One of the most pervasive myths about Size Acceptance is that it is about fat people “justifying our fatness.” Not only is this untrue, it derails a conversation that I think should be happening about why Size Acceptance is important for everyone.
First, let’s address the idea that Size Acceptance is about justifying fatness. The truth is that it’s about just the opposite. Size Acceptance is a civil rights movement – it’s about the fact that nobody, of any size, needs to justify their body to anyone ever. Size Acceptance practitioners and activists aren’t seeking anyone’s approval – we are demanding our rights to life, liberty and the pursuit of happiness which include the right to live in the bodies we have without shame, stigma or oppression. We are saying “I stand for myself and others” not “I kneel for your approval”. (Anyone who wants to make a “but my tax dollars pay for blah blah blah argument is welcome to head over here and find out why that argument doesn’t hold water.)
So to understand why Size Acceptance is for people of all sizes, let’s examine the current situation. Currently we are told hundreds of thousands of times a year that fat bodies wrong (often by industries like the diet industry which makes money to the tune of sixty billion dollars a year peddling this message.) As a society, we are encouraged not only to stereotype fat people based on how we look, but to attempt to calculate our “cost” on society and then try to blame things on us, all because we share a physical characteristic. Unbelievably, we haven’t figured out through our history that this is an astronomically bad idea. The truth is that the only thing you can tell from looking at someone’s body size is what size they are and what your personal prejudices about that size are.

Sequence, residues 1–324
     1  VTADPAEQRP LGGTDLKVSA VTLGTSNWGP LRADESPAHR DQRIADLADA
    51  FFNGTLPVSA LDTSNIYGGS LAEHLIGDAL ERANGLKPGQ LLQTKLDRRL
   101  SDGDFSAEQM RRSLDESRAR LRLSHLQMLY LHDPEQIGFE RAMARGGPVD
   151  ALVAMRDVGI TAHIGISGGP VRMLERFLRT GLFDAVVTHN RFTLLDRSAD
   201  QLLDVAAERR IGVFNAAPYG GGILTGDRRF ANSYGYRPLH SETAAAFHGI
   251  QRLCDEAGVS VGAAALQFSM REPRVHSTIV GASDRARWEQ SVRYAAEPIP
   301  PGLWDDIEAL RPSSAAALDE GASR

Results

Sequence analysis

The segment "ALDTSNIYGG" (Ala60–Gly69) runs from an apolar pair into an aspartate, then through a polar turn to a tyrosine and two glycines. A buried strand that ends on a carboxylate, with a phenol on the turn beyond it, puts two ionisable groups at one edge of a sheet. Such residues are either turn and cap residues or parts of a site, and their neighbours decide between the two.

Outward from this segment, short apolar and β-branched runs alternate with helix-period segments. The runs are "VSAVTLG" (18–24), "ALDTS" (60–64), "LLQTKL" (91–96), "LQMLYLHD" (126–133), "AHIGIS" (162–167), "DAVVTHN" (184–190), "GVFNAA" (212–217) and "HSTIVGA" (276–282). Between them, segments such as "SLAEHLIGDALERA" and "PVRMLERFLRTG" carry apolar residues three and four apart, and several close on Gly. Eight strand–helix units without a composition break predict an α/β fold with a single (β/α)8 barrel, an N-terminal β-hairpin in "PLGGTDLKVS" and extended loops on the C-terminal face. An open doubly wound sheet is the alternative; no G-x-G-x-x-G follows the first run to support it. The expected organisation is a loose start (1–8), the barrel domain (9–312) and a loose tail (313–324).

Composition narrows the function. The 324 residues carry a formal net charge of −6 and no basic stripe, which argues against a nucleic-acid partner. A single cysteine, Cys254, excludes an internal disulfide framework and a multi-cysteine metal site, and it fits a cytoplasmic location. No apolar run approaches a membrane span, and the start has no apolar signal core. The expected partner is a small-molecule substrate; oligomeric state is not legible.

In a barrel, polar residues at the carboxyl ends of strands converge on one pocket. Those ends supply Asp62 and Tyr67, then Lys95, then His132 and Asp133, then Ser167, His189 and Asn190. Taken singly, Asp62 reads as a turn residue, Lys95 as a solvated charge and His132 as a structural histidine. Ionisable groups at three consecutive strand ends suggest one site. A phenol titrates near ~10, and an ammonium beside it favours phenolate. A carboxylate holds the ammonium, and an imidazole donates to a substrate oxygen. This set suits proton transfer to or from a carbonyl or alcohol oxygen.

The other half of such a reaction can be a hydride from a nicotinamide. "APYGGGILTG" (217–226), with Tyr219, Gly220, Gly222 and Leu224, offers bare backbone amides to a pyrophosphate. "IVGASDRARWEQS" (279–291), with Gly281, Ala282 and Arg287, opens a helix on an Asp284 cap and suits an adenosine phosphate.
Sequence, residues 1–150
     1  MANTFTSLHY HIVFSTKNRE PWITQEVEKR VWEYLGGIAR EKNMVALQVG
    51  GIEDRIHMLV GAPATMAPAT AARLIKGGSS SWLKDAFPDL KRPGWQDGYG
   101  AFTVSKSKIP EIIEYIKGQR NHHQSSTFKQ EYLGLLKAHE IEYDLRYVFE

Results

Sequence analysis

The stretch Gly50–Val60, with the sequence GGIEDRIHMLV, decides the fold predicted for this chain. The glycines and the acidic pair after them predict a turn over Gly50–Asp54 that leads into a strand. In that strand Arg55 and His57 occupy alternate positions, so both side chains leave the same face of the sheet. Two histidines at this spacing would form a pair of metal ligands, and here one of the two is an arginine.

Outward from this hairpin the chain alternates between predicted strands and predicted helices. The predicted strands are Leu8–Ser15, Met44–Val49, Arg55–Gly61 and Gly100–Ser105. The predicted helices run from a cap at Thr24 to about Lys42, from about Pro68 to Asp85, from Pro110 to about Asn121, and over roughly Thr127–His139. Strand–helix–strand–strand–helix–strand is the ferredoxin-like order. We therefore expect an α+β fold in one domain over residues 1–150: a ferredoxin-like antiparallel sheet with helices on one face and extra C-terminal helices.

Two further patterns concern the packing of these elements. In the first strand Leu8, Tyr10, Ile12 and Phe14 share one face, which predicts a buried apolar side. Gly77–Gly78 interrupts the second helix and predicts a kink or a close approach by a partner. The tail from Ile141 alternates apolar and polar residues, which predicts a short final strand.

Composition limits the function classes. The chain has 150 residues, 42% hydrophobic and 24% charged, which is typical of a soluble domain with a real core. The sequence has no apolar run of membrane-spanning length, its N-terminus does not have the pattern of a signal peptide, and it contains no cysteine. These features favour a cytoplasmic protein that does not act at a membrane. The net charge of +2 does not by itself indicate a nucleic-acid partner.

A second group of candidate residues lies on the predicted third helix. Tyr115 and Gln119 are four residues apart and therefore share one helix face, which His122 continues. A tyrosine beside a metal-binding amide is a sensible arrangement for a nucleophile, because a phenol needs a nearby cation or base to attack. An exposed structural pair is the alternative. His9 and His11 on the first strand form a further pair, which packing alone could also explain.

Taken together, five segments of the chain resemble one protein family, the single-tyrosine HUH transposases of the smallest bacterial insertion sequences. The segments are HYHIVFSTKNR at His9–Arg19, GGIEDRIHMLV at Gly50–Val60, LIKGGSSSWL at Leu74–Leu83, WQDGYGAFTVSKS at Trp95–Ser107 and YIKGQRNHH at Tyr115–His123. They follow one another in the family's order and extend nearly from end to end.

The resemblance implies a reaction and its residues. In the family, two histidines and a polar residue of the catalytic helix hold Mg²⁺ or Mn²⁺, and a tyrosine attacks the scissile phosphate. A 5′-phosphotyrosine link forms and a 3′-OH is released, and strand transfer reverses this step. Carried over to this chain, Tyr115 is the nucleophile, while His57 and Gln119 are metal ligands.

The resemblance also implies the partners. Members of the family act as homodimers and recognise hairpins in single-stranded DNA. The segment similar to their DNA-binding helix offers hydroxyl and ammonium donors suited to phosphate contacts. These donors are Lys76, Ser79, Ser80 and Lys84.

This obviously harms fat people. Living in a constant barrage of shame, stigma, and oppression is not great for you and it turns out that if you bombard people with the message that they should hate their bodies, they will often do exactly that. People don’t take good care of things that they hate and that includes their bodies so attempting to shame and hate people healthy defies all logic and, as we’ll see in a moment, research.
But it’s not just fat people who are affected. It is estimated that the current beauty ideal is attainable by only 1-5% of women, and studies have shown that up to eight out of ten women are dissatisfied with their bodies (and again, body hatred is not the path to happiness and health.) Those who don’t spend their lives hating their bodies can end up spending them obsessed with not getting fat. Women start dieting earlier (4 years old!) and stop later (or never). Some develop disordered eating. Some develop an unhealthy relationship with exercise. Some lose their lives on the operating table getting fat sucked out of them for nothing more than a nearly unattainable cultural stereotype of beauty.
Not only does logic tell us that a world full of body judgment and shaming is a mistake, the research tells us as well. Peter Muennig of Columbia found that satisfaction with body weight was a better predictor of health than actual body size. Even those people who think (incorrectly) that other people’s health is their business are out of touch with the research when they choose actions that make people feel shamed and stigmatized- Rebecca Puhl’s research out of Yale found that: